KYC is a business principle within the Financial Intelligence Centre Act, 2001 (FICA) that encourages qualifying companies and entities to establish and verify the identity of their clients before or during the time they do business (LexisNexis Digest 10-Dec-18).
Background to FICA
The FICA was promulgated on the 1st of February 2002 and came into effect on 1 July 2003, intending to regulate South Africa’s anti-money laundering and counter-terrorism financing programmes. FICA was then further amended on the 27th of April 2017 and signed into law as the Financial Intelligence Centre Amendment Act, 2017.
In terms of FICA, all accountable institutions have specific duties to help prevent money laundering. FICA imposes certain obligations on accountable institutions as listed in Chapter 3 of the FICA and are, inter alia:
- the duty to identify clients:
- the duty to keep records:
- reporting duties and access to information (Part 3); and
- measures to promote compliance by accountable institutions (Part 4).
The KYC principle focuses on the first duty, the duty to identify all clients for every transaction or business relationship entered. The KYC principle plays a crucial role in compliance with the FICA requirements and responsibilities. Amongst others, it provides for controls which usually include the below (LexisNexis Digest 10-Dec-18):
- collection and verification of identity documentation;
- screening against warning lists;
- client risk assessment; and
- investigations into clients’ financial transactions.
Moonstone describes the KYC requirements to include the following:
- for individuals: “proof of identification and address through to understanding a person’s source of wealth, business interests and family connections, especially if they have politically active family relations.”
- for businesses: “to understand the business, the entity structure, history, directors and shareholders, how the business operates and makes money”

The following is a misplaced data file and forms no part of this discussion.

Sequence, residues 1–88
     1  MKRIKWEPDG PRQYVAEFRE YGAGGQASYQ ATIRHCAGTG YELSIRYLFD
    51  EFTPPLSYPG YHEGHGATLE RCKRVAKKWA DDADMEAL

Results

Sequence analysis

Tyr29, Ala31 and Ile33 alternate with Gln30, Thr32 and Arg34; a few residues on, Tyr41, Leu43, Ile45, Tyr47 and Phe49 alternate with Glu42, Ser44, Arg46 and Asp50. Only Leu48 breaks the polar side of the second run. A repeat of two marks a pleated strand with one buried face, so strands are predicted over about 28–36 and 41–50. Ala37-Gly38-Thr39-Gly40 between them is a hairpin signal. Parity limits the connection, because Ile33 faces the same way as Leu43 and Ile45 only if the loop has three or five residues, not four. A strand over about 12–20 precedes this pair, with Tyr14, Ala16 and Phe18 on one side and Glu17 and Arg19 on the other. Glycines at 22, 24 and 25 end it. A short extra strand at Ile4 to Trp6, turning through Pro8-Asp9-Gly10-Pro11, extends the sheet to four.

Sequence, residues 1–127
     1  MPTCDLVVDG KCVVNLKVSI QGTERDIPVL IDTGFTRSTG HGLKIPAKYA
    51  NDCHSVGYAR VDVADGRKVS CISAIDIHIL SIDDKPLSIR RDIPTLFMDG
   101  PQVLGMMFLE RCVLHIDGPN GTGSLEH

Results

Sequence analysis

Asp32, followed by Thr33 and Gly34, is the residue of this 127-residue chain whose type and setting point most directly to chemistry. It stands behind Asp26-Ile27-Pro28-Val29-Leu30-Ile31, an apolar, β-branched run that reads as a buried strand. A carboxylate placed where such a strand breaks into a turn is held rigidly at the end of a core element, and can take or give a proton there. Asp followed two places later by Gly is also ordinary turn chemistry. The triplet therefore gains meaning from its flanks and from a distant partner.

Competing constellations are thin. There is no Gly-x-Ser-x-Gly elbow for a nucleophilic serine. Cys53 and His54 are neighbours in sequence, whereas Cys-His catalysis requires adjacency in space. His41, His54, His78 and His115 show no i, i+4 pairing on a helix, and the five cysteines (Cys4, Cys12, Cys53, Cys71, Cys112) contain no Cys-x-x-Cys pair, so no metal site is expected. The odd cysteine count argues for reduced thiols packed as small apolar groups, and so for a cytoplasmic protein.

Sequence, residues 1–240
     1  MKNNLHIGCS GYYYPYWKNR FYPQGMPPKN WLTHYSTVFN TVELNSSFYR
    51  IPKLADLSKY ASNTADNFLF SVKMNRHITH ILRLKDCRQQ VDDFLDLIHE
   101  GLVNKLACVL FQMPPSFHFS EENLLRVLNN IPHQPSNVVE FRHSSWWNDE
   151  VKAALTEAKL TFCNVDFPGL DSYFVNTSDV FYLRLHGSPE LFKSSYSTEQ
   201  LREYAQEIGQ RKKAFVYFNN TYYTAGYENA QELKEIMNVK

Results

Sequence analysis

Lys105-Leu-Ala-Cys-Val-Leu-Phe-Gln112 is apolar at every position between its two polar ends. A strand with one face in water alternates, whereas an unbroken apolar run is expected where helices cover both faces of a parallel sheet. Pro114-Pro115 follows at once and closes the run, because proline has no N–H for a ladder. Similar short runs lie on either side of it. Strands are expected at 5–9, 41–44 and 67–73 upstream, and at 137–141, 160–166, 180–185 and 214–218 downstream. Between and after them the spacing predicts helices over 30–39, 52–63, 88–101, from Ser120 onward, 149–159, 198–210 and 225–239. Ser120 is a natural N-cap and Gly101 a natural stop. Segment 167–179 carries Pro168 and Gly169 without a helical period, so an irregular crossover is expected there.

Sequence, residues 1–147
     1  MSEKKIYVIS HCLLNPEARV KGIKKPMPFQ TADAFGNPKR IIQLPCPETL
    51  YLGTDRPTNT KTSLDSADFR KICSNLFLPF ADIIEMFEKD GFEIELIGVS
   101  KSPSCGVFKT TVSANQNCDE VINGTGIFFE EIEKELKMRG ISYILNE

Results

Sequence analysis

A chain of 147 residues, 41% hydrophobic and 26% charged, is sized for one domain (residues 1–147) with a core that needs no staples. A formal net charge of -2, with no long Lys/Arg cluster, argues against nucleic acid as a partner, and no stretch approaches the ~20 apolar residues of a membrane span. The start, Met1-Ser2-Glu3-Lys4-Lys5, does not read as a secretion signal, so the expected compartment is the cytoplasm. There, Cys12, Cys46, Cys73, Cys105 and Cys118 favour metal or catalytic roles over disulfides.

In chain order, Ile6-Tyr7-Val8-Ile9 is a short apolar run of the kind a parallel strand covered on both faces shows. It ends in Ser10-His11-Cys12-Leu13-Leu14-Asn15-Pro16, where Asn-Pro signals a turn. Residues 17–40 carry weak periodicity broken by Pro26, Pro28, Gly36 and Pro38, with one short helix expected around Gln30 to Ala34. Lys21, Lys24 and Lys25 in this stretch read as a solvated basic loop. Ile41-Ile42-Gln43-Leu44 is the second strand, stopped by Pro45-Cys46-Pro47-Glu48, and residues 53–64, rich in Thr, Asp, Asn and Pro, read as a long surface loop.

Non-compliance with FICA
Sections 45C (3), 68(1) and 68(2) of FICA confirm the two types of penalties for non-compliance, they are:
The administrative sanction includes:
- a caution not to repeat the conduct which led to the non-compliance referred to in subsection (1);
- a reprimand;
- a directive to take remedial action or to make specific arrangements;
- the restriction or suspension of certain specified business activities; OR
- a financial penalty not exceeding R10 million in respect of natural persons and R50 million in respect of any legal person.
The criminal sanction includes:
- a maximum penalty of 15 years or a fine not exceeding R100 million; or
- a maximum sentence of five years or a fine not exceeding R10 million for certain lesser offences.
The Financial Intelligence Centre provides further guidance to companies in Guidance Note 3A on the identification and verification of their clients and confirms that a “one size fits all” approach in the methods and levels of verification is not required. A targeted approach must be taken when determining the money laundering risk, including a combination of methods that will assist in the differentiation between low, medium and high risk.
The key amendment to FICA was a shift from a rules-based approach to a risk-based approach to ensure FICA compliance. Meaning that accountable institutions must know their clients to consider the potential risk involved with establishing a business relationship or concluding a single transaction with them.